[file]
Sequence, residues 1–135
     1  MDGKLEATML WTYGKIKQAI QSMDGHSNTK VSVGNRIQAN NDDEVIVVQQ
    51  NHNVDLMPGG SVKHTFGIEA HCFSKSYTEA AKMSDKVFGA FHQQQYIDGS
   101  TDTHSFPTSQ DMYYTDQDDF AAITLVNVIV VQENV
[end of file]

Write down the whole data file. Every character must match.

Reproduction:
Sequence, residues 1–135
     1  MDGKLEATML WTYGKIKQAI QSMDGHSNTK VSVGNRIQAN NDDEVIVVQQ
    51  NHNVDLMPGG SVKHTFGIEA HCFSKSYTEA AKMSDKVFGA FHQQQYIDGS
   101  TDTHSFPTSQ DMYYTDQDDF AAITLVNVIV VQENV